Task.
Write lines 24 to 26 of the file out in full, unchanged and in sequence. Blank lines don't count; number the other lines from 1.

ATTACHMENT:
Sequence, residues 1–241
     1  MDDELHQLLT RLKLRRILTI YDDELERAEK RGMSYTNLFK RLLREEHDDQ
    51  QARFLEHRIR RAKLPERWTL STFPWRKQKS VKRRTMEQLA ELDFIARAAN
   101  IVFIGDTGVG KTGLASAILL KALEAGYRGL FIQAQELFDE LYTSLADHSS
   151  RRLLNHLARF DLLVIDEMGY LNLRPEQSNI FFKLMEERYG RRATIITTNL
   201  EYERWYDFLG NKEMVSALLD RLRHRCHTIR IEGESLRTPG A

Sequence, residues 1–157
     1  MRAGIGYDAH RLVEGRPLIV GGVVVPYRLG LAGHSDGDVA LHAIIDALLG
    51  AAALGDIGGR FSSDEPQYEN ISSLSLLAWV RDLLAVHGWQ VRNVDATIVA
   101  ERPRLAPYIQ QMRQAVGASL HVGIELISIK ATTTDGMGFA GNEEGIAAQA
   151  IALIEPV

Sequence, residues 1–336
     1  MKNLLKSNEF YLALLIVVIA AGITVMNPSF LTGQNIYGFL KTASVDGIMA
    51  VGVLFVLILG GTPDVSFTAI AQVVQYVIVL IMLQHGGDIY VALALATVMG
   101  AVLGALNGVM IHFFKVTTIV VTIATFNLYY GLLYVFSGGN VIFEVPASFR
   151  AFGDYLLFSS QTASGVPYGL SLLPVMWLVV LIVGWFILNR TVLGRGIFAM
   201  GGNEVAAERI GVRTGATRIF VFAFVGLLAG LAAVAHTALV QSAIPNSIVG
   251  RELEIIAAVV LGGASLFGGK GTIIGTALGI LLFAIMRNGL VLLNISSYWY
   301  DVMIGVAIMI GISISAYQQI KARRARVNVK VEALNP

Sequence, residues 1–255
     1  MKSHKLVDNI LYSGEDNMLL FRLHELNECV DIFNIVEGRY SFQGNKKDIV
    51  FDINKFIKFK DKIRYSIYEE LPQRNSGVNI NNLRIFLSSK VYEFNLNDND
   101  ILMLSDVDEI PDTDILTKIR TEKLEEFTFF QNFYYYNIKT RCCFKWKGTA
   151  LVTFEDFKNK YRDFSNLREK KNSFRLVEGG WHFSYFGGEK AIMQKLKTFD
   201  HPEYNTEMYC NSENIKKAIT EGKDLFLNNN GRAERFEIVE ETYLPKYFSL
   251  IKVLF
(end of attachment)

   151  LVTFEDFKNK YRDFSNLREK KNSFRLVEGG WHFSYFGGEK AIMQKLKTFD
   201  HPEYNTEMYC NSENIKKAIT EGKDLFLNNN GRAERFEIVE ETYLPKYFSL
   251  IKVLF